“I dropped out of school and never went to see a doctor or had any consultation” reveals Natalia, who was also abandoned by her boyfriend soon after her positive pregnancy test result. “I even managed to hide it from my family. When I went into labour I told my father I had back pain, but he soon discovered I was having a baby.”
Traumatised and scared, with no understanding of what to expect, Natalia was rushed to a local clinic. Having lost her mother, who had died during the birth of a younger sibling, Natalia was later relieved to be able to deliver Afeena safely.
Rushed Marriage as a Solution
But while Natalia will most likely be compelled to raise her daughter alone, it is Lucia’s* story that perhaps better exemplifies the very specific and rigid cultural traditions surrounding young people and inter-personal relationships in Timor-Leste, the issue of early pregnancy and the hastily arranged marriages that so often follow.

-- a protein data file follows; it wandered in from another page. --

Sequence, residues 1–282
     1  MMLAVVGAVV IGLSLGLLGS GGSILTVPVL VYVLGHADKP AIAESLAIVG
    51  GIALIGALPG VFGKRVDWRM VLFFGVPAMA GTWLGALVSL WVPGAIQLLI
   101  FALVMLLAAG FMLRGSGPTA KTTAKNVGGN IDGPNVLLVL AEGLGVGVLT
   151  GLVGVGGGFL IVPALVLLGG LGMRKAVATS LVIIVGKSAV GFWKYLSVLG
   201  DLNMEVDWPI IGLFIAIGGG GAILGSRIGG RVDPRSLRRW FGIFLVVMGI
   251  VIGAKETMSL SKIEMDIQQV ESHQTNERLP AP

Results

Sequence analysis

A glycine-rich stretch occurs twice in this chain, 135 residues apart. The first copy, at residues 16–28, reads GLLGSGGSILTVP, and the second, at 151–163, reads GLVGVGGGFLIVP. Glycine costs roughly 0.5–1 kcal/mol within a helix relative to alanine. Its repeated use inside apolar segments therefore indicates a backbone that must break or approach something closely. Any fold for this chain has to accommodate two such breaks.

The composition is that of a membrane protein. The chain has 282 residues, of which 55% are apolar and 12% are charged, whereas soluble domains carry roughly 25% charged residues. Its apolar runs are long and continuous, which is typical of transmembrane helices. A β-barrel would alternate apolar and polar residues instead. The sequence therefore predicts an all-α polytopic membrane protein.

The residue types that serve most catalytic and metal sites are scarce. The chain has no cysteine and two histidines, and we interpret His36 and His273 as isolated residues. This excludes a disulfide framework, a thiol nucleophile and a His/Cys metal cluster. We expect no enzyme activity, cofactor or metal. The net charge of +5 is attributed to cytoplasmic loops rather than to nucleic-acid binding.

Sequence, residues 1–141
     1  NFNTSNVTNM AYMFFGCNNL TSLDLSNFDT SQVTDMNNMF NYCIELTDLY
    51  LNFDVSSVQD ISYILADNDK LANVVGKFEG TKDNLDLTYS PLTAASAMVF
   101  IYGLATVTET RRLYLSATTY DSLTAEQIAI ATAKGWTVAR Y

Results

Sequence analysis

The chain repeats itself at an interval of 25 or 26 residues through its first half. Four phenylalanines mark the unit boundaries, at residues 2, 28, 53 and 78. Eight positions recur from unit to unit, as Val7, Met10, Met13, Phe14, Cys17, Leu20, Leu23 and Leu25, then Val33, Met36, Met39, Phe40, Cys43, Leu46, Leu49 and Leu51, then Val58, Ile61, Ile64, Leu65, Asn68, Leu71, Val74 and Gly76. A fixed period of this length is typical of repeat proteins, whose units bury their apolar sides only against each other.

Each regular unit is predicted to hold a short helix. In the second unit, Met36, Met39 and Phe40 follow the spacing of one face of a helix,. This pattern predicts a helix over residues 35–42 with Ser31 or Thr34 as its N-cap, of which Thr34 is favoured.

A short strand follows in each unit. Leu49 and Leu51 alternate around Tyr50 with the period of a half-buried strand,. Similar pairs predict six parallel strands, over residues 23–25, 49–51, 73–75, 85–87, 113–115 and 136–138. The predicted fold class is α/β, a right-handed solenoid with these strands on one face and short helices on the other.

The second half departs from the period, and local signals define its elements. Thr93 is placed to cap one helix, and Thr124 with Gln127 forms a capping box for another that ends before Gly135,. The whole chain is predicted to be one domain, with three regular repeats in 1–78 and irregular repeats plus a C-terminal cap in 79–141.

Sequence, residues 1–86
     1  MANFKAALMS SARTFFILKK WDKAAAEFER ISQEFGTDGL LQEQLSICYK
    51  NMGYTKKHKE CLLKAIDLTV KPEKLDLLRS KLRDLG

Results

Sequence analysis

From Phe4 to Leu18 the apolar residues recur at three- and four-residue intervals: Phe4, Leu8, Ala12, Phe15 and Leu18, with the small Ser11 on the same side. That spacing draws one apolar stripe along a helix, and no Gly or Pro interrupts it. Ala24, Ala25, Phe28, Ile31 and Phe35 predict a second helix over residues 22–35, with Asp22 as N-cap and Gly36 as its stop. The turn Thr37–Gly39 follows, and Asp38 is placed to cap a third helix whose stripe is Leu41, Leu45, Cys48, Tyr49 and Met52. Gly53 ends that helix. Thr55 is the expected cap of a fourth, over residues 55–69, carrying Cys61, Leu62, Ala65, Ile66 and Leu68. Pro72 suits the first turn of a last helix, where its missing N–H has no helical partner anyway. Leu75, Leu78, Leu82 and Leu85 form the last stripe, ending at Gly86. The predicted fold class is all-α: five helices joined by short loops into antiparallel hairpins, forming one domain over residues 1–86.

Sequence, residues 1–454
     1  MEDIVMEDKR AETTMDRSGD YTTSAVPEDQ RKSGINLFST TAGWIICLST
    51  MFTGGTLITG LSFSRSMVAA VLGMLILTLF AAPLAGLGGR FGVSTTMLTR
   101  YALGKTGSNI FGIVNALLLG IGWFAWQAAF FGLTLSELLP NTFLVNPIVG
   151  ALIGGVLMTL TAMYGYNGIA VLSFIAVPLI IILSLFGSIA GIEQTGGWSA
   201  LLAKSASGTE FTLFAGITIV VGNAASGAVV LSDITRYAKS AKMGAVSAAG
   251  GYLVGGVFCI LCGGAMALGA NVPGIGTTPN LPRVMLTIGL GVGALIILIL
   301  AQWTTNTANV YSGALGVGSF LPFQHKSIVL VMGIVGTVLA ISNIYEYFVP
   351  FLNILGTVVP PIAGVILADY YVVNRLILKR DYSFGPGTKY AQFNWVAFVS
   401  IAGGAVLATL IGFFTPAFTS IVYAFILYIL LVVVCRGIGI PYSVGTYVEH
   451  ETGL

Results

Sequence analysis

Attending one of Plan International’s empowerment workshops in suburban Aileu, Lucia is wide-eyed and timid, clasping her hands tightly as Soares leads the group through assorted activities.
“She is very shy and will not speak up. But I know she is listening closely to everything’, says Soares, “so I keep trying.”
Coerced into a romance with a much older teacher while in secondary school, Lucia, now 18, was at first subjected to severe abuse by her family. “When my parents found out they were very angry. They told me they wanted to beat me to death. I was very scared and ended up in hospital,” Lucia says quietly.
24 percent of all teenage girls in Timor-Leste will have a baby by the time they are 20.
Undeterred however, she resumed the relationship and soon after became pregnant. I didn’t know you could get pregnant from having sex”, she recalls. From here, a dowry and marriage - idealised as a way to ‘fix’ the issue - was firmly set in place.
“My boyfriend’s family came to meet my parents and they arranged for us to get married. They discussed the dowry, and my family gave them ten corn seeds, which symbolises his family having to return with ten buffaloes, together with money. But his family said ‘No, we cannot afford that’. So they negotiated down to two”.
As well as constraining young women into a situation which may not be of their choosing, data shows that early marriage can also be a precursor to greater control, violence and exploitation by men across their lifetimes.
Report gives insight into root causes of teenage pregnancy